At the little town of Vevey, in Switzerland, there is a particularly comfortable hotel. There are, indeed, many hotels, for the entertainment of tourists is the business of the place, which, as many travelers will remember, is seated upon the edge of a remarkably blue lake--a lake that it behooves every tourist to visit. The shore of the lake presents an unbroken array of establishments of this order, of every category, from the "grand hotel" of the newest fashion, with a chalk-white front, a hundred balconies, and a dozen flags flying from its roof, to the little Swiss pension of an elder day, with its name inscribed in German-looking lettering upon a pink or yellow wall and an awkward summerhouse in the angle of the garden. One of the hotels at Vevey, however, is famous, even classical, being distinguished from many of its upstart neighbors by an air both of luxury and of maturity. In this region, in the month of June, American travelers are extremely numerous; it may be said, indeed, that Vevey assumes at this period some of the characteristics of an American watering place. There are sights and sounds which evoke a vision, an echo, of Newport and Saratoga. There is a flitting hither and thither of "stylish" young girls, a rustling of muslin flounces, a rattle of dance music in the morning hours, a sound of high-pitched voices at all times. You receive an impression of these things at the excellent inn of the "Trois Couronnes" and are transported in fancy to the Ocean House or to Congress Hall. But at the "Trois Couronnes," it must be added, there are other features that are much at variance with these suggestions: neat German waiters, who look like secretaries of legation; Russian princesses sitting in the garden; little Polish boys walking about held by the hand, with their governors; a view of the sunny crest of the Dent du Midi and the picturesque towers of the Castle of Chillon.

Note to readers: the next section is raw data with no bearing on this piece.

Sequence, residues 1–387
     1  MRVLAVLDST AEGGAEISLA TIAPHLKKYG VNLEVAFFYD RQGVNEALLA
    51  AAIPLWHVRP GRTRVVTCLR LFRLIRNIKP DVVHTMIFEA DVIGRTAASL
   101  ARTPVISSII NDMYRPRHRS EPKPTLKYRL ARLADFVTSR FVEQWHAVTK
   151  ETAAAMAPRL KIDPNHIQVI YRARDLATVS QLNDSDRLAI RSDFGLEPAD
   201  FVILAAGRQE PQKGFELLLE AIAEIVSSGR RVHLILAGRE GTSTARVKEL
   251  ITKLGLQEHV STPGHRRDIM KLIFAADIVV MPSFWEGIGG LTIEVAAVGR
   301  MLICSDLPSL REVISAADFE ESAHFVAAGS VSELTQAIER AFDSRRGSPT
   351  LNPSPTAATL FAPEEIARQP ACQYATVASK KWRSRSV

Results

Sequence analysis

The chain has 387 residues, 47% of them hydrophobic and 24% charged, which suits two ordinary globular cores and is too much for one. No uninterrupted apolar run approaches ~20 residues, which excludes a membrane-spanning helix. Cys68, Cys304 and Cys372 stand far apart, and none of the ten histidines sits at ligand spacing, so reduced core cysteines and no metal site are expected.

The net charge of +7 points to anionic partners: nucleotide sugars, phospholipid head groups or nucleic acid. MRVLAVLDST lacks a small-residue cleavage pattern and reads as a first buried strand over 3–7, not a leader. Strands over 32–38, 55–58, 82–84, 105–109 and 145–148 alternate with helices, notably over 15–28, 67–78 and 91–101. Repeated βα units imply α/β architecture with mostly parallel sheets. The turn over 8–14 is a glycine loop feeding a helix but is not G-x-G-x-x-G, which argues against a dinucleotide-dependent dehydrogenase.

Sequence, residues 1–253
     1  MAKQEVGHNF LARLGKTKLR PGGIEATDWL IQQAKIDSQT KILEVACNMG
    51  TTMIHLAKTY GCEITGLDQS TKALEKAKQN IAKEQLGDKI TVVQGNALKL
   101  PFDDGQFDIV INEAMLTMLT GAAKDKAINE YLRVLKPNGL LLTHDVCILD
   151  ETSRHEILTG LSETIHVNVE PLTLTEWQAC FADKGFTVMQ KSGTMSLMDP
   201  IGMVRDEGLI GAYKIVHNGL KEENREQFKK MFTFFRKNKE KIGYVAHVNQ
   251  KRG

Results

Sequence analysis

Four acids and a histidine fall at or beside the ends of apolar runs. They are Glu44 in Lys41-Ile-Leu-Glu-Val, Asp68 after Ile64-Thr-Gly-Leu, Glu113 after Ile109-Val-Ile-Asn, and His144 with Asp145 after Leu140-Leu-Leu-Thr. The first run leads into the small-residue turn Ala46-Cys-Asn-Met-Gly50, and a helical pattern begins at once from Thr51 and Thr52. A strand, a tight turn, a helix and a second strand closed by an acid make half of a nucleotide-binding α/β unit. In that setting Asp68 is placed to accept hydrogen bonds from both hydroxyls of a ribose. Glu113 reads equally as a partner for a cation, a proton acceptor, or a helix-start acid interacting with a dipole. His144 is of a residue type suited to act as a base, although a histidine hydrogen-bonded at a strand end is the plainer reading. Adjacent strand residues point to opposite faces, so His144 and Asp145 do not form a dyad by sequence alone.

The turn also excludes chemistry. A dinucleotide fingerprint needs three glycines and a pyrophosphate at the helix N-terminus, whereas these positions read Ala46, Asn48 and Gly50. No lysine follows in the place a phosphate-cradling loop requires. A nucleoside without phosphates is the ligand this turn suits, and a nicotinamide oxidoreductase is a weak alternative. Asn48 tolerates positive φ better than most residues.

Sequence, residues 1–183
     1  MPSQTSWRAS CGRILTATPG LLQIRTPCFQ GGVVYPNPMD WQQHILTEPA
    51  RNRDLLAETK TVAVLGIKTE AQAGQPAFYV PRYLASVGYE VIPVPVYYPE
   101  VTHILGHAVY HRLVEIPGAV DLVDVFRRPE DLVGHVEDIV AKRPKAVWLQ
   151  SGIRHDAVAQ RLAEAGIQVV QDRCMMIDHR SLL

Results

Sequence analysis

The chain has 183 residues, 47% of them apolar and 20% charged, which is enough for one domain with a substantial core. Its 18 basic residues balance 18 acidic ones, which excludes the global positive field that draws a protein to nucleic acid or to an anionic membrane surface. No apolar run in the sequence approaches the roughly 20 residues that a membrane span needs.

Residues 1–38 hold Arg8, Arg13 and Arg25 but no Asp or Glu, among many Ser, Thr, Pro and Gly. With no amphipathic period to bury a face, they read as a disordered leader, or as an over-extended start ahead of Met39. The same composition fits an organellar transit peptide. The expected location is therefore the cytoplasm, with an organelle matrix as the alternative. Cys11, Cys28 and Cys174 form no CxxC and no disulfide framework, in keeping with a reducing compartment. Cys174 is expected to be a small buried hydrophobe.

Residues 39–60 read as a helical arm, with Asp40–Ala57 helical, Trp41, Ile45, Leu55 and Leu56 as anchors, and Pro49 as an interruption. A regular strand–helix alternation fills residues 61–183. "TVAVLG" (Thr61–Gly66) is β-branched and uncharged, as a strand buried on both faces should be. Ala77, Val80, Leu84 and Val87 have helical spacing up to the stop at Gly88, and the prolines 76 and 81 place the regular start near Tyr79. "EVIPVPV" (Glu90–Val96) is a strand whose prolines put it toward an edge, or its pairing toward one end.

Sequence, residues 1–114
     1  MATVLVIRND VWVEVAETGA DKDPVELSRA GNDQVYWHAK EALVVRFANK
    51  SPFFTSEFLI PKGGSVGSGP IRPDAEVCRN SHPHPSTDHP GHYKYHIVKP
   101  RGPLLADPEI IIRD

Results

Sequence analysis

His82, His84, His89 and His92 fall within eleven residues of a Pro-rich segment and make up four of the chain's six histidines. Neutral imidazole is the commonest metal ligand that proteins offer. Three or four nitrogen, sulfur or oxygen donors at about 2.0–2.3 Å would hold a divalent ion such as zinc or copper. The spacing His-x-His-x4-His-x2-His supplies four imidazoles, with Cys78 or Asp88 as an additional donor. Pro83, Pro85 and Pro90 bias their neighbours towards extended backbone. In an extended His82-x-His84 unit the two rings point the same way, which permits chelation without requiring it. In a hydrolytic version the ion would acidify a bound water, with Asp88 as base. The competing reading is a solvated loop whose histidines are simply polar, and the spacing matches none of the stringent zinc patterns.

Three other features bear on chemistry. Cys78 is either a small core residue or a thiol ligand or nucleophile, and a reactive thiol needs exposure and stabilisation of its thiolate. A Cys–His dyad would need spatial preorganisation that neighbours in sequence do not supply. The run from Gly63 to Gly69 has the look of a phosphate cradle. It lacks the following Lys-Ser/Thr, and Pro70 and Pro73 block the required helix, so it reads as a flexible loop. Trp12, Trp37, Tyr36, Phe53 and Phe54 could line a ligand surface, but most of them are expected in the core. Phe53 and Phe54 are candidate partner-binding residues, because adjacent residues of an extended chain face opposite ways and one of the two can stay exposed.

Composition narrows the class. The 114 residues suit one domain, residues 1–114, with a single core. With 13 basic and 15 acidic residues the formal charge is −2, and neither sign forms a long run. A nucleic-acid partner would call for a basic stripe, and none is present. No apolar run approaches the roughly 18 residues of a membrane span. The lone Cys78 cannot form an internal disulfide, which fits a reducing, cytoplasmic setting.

You would never know from this doorstopper of a paragraph what a quick read this book was (quick, unmemorable, so on and so-forth). Reading this helped me appreciate how revolutionary the Lost Generation were, cutting out all the unnecessary words and leaving the essence. But Daisy Miller, like Sarah Vowell's novel, reminds us that once upon a time, Americans were British, with all their formalisms and stodginess, and all the 'manners' issues. Yes, Daisy shocks the foreign establishment, but the judgment by her fellow Americans is very very Austen-esque, and predicts the sort of snobbery you get today in America with the Inherited Rich vs. the Nouveau Riche.

Statistical note:

Fiction to non-fiction: 3-2

Female to Male: 2-3

21st Century to Prior: 4-1

Re-Blogging Sandman: Issue #7 Sound and the Fury